13 Instruction and Intervention Instructional practices are scientifically-based (federal requirement for reading and math) Implemented with fidelity and supported with coaching Include differentiation for ALL and incorporate principles of Universal Design for Learning (UDL) Flexible instructional practices to match to student needs based on data Interventions are automatic; delivered within tiered system, not referral-based or “wait to fail”

14 Collaborative Problem Solving Collaborative problem-solving all teaming levels – Define problem using data – Analyze problem situations – Develop plan – Implement plan – Evaluate effectiveness

15 Collaborative Problem Solving Staff have understanding of data analysis and instructional decision making Problem solving process is used for continuous improvement at all levels

16 Problem Solving Framework 1. Problem Identification- What’s the problem? 2. Problem Analysis- Why is it occurring? 3. Intervention Design/Implementation- What are we going to do about it? 4. Response to Intervention- Is it working? Tier I Tier II Tier III

17 Positive School Climate Positive behavior supports visible at all levels Practice address the needs of all students (including students with disabilities and students with advanced proficiency needs) Learning supports are customized to make content relevant and responsive to all types of student diversity Commitment to partnership to families and community to improve student academic and behavioral outcomes

18 National Implementation of RtI (from Spectrum K12, 2011) 68% of districts in full or partial district-wide implementation (was 25% in 2007) 94% of districts in some stage of implementation 24% of districts report full implementation 80% report full implementation at elementary levels (reading most common domain)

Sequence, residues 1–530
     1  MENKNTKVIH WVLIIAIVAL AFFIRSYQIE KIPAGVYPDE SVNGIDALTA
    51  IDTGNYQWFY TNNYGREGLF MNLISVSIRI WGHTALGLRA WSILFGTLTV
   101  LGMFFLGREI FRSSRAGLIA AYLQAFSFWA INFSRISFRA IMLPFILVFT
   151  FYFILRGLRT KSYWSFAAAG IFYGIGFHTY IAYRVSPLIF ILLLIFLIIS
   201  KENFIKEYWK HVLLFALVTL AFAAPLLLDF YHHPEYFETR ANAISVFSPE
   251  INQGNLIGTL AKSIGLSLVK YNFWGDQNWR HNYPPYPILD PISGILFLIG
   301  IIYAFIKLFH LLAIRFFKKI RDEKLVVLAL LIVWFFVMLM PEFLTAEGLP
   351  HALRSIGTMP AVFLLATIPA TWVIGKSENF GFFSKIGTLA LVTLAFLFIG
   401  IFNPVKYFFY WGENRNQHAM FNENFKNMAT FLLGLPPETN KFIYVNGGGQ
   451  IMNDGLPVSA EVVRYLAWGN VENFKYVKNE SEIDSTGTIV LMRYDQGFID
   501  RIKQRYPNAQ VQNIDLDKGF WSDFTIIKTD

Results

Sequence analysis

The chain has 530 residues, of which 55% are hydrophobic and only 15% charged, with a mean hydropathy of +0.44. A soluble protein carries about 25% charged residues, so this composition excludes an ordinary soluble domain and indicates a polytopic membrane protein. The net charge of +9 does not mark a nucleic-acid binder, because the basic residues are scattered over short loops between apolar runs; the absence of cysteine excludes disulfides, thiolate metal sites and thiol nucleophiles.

19 National Implementation of RtI (from Spectrum K12, 2011) 56% have district implementation plan Majority report RtI implementation shared across GE and SE Of those with data (about half of districts), 80% report significant reductions in SE referral 62T of districts using RtI for personalized instruction for ALL students (up from 49% in 2010)

20 What is the Purpose of RtI: The “Why” Purpose: to identify student with special education label as an end point – to get the child services, RtI then test for eligibility? Purpose: to focus on success and positive outcomes for all students – to prevent learning problems, early intervention for all who need it, when they need it, of appropriate intensity, “special” education for those who need it, same attention to outcomes for special education?

21 Germann, 2010 “There is no right way to do the wrong thing. What a shame it will be, and what an opportunity lost, if RtI becomes just another way to define SLD or is defined as a prereferral intervention strategy! RtI is a new paradigm for educational problem solving, not a new way to identify SLD!”

22 Germann, 2010, cont. “RtI requires that all school resources be aligned and allocated to provide effective and efficient interventions for the purpose of improving child outcomes. The provision of instructional and behavioral interventions is not limited to those who have a disability…all students are served on the basis of their need, without regard to causality, just as medicine does not make treatment to patients with cancer, available, or not available, based on whether the cancer is primarily caused by genetic or environmental reasons.

23 Final Thoughts on the “Why” “If the water in the aquarium is dirty, it makes little sense to spend our time diagnosing individual fish” (Illinois RtI website)

24 What is your team’s purpose, your “why” for MTSS/RtI

25 Resources (RtI Action Network website) UC Center for Student Success website (implementation tool and resources; www.cech.uc.cech/student_success/ US DOE implementation guides, reading and math across tiers (